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I have a dataset which I need to spot trends in. The actual data refers to operation calls which take a certain amount of time to complete. My client wants to know which operation calls are improving and which are deteriorating over a time period.

Each operation call has an entry for each day which shows the average time that call took to return.

Date        Call    Avg duration
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18/03/2013  Call 1  123ms
19/03/2013  Call 1  156ms
20/03/2013  Call 1  198ms
21/03/2013  Call 1  99ms

My current implementation uses

(CurrentDayAvgDuration - PrevDayAvgDuration) / √(CurrentDayAvgDuration + PrevDayAvgDuration)

for each day and then takes the average of that value over all days but I'm not too sure if the value is relevant. That formula is one I found and plugged in just to try.

My question is, how can I calculate a single value per operation call which can be used in comparison with all of the other operation calls to determine which are trending upwards (deteriorating) and which are trending downwards (improving)?

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I'm not able to post a comment because of my weak reputation. A simple answer would be a moving average, you simply have to replace the duration of the call by the mean duration of the last p call. You'll choose p empirically, by plotting the results, high enough to remove noise, low enough to observe something. You should be able to observe the trend by plotting your new time serie

If you want a single value you should try: short term mean - longer term mean. The definition of short term and long term depends on the process (noise, seasonality ... ect), the way it evolves, the number of data you have, the frequency at wich your client ask for this information.

For exemple, if your client ask for it every month you should take: short term: 1 month long term: 12 month

if your client ask for it every week: short term: 1 week long term: 1/2/3 month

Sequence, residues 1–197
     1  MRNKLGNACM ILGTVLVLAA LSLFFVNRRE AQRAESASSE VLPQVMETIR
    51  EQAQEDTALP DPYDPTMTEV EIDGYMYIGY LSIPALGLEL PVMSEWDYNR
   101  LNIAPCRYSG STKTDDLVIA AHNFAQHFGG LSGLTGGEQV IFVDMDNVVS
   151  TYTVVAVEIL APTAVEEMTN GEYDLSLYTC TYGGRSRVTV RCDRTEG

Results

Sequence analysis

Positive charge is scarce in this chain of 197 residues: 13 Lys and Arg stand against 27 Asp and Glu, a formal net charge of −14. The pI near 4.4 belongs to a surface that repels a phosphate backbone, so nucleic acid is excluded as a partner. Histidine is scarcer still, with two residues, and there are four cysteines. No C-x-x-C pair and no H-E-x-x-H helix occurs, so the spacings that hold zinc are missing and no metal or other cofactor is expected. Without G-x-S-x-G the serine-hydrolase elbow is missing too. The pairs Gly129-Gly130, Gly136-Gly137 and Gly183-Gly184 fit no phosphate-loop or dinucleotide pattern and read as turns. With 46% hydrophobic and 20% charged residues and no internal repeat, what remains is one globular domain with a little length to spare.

So the progress will be easy to show to your client: over last month the call duration improved by xxms from last year.

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  • $\begingroup$ Thank you, I ended up going with a single value based on short term mean - long term mean as you suggested. I need to alter the definition of long term based on what the client inputs as short term before I can get reliable data, but it looks like this will work just fine. $\endgroup$
    – ChrisO
    Mar 27, 2013 at 10:28
  • $\begingroup$ Actually, one question. Should the long term range include the short term range? For example, say I want 1st March - 8th March as my short term and I want my long term to be 1 month. Would my long term be 8th Feb - 8th March or 1st Feb - 31st Feb $\endgroup$
    – ChrisO
    Mar 27, 2013 at 10:42
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    $\begingroup$ Well, in my opinion it's better if the long term range doesn't include the short one, the information is clearer. But In my company we often use long term range including short term range because it's simpler for us and the client. For exemple, if you use the second method you will have to handle variable such "mean over last year excluding front week" and/or "mean over last year shifted by 1 week" and/or "mean over last year excluding front month" and/or "mean over last year shifted by 1 month". As you can see "mean over past year" is way simple/clear. $\endgroup$ Mar 27, 2013 at 10:50
  • $\begingroup$ That's great, thanks for your help and I'm glad to see that you now have enough rep to post comments :) $\endgroup$
    – ChrisO
    Mar 27, 2013 at 11:35
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I partially agree to Imorin's comment. But if you are interested in a trend, you must consider rates of change over a moving window. If the Averages are successively decreasing/increasing, then it must indicate improved/deteriorated performance.

You must also select a threshold based on historical records as to lowest/highest values of rates indicating a significant step towards improvisation or deterioration.

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